Although these improvements are significant by themselves, maybe the most impressive addition to the Super Duty for 2005 is a relatively simple option package addition. Knowing that a majority of owners in the F-250 and F-350 class do some kind of towing, Ford has introduced the stunning TowCommand system. The heart of the package is an industry-first factory-installed and warranted trailer-brake controller that has access to all the vehicle's brake-input computer data. This means the controller offers smoother and more predictable braking feel because it has access to more vehicle information than ever before: brake input throttle position, steering angle, tire speed, engine rpm, and more.

We had the chance to tow several different fifth-wheel and hitch trailers in many track and road conditions and found the TowCommand system far superior to the various add-on brake controllers we've used. Brake modulation is more easily controllable and the braking system can even, in certain situations, predict what's going to happen and compensate for it. By combining the integrated brake controller with a much smarter and stronger five-speed transmission, bigger brakes, stronger frame, and electronically-controlled telescoping mirrors, the Super Duty is just about the smartest choice for anyone who has to tow big loads on a regular basis.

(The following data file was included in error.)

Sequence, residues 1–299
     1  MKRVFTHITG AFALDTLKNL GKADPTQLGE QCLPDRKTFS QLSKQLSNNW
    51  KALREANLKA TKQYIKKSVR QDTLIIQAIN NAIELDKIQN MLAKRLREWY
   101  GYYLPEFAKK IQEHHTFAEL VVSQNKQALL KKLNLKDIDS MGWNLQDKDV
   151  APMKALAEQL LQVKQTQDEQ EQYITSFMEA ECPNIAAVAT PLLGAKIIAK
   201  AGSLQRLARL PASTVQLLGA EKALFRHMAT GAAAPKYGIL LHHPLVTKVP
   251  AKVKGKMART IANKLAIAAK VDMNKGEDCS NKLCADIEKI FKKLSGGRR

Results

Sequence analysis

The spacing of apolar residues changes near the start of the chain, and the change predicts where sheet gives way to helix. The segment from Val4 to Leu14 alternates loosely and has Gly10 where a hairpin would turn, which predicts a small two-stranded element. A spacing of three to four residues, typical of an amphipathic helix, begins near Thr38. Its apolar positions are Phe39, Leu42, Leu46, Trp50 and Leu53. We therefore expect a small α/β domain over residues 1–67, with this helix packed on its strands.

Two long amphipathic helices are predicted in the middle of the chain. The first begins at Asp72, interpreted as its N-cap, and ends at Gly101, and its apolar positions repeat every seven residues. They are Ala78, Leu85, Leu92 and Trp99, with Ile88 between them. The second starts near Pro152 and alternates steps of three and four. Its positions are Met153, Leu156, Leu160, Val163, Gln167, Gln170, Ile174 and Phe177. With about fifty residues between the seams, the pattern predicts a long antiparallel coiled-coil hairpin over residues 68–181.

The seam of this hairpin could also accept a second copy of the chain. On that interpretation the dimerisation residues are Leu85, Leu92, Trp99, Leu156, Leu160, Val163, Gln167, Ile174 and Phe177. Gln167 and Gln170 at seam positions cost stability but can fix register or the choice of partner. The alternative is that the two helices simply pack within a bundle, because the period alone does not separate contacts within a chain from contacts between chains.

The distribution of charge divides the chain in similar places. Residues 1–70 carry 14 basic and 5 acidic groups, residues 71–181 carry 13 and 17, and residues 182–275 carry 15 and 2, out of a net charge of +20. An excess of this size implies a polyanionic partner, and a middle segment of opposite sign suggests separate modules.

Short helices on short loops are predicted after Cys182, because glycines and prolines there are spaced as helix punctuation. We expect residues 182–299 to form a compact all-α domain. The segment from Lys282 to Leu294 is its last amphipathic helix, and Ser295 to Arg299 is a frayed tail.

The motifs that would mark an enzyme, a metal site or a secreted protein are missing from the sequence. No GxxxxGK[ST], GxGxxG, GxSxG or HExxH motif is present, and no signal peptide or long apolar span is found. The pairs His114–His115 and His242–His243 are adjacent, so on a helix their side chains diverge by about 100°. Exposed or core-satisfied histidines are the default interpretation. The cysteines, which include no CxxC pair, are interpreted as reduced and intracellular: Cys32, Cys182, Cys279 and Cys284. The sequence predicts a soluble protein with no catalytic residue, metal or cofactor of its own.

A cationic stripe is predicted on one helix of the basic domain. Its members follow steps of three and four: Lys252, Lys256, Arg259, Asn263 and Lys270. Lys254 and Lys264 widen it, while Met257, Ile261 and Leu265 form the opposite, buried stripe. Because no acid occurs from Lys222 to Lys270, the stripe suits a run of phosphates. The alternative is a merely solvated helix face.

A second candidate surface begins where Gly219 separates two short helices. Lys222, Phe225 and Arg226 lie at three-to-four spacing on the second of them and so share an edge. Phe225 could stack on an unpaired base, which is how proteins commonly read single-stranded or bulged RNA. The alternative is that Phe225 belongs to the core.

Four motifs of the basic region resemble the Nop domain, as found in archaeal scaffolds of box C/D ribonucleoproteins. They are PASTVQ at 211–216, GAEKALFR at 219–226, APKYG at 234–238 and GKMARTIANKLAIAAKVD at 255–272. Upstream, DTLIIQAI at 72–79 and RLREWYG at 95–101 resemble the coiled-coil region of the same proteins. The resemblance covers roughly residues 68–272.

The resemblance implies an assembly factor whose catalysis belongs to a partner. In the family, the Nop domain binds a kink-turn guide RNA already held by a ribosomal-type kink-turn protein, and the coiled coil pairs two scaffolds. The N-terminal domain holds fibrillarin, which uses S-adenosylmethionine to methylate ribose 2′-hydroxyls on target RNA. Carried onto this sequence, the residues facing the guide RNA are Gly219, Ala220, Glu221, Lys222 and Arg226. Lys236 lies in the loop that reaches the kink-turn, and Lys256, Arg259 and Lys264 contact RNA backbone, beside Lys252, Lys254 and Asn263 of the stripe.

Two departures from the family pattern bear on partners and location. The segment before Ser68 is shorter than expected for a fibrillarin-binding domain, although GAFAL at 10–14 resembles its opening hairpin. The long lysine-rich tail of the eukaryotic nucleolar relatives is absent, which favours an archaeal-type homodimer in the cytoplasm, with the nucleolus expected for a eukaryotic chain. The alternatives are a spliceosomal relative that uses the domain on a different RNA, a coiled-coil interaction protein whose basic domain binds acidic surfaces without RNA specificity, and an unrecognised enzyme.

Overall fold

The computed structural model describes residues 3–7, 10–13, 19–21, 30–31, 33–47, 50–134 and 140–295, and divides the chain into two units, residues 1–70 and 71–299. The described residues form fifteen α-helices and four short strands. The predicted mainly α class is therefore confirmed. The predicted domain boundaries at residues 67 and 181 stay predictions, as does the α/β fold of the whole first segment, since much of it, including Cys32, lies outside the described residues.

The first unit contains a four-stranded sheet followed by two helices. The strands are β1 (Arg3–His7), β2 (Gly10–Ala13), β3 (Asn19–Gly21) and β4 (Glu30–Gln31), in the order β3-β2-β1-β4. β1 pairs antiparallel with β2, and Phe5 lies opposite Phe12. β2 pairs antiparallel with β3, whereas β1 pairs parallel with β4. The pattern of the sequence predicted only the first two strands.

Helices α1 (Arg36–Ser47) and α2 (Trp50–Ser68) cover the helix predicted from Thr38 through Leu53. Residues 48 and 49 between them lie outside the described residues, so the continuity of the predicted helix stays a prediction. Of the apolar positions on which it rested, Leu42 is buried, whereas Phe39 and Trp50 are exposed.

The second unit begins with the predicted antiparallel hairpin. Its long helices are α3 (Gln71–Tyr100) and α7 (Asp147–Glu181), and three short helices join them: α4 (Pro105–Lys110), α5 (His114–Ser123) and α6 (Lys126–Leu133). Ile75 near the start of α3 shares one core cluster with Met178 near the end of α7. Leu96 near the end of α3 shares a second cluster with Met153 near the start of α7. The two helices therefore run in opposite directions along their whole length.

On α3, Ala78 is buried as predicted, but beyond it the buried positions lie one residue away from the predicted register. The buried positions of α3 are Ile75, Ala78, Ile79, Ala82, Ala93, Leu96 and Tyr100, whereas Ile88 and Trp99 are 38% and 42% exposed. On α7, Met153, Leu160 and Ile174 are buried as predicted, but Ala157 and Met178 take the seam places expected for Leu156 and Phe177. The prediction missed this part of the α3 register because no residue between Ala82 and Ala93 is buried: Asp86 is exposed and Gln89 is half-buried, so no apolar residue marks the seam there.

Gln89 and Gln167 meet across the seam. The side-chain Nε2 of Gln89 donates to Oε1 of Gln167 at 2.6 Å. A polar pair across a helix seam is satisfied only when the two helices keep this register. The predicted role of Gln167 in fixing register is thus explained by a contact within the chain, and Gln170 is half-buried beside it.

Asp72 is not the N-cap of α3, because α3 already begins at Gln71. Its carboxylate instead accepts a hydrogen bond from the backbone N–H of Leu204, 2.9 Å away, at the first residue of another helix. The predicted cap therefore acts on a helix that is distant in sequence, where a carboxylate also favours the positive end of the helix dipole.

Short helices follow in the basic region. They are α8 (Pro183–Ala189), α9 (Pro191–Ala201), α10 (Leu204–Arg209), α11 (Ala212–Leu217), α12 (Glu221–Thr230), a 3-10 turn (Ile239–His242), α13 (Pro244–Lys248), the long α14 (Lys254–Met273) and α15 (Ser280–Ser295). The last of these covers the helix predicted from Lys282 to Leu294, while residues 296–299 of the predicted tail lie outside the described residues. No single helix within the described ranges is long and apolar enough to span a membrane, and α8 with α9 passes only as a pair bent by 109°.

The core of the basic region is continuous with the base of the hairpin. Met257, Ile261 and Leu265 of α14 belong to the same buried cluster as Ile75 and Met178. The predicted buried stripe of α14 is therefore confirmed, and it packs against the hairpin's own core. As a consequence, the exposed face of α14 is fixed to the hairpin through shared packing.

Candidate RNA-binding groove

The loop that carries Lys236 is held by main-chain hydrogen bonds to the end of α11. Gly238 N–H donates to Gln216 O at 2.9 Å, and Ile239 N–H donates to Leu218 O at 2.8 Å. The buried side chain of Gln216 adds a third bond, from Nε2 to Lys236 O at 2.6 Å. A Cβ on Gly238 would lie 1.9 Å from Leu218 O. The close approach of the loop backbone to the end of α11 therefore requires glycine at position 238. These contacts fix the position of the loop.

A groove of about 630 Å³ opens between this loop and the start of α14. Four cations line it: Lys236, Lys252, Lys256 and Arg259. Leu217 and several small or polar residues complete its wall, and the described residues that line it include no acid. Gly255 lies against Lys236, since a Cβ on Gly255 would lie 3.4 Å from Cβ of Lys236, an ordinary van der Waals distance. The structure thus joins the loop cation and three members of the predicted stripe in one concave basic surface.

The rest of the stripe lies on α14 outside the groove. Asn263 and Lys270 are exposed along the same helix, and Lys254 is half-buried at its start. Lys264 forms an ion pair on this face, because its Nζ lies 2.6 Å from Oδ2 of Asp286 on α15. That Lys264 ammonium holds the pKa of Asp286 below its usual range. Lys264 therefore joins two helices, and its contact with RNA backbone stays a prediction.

Exterior changes are minimal, with the exception of a larger, billet-looking front grille, reminiscent of the Mighty F-350 Tonka concept from 2002. In fact, Ford is offering a limited-edition "Amarillo" Super Duty that models many of the design cues from that concept, not the least of which is the monochromatic Blazing Yellow paint. In addition, Ford will continue to make the Harley-Davidson Edition, with this year's model incorporating some subtle spray-on flames.

All in all, this midmodel update of the Super Duty is substantial. But even with these improvements and new options, don't expect base- and trim-model pricing to change much. The price range for the F-250/F-350 trucks will range from $23,000 to $45,000, depending on equipment. Midmodel or not, the 2005 Super Duty trucks are looking to get attention. And it's our guess the folks at GM will be taking notice.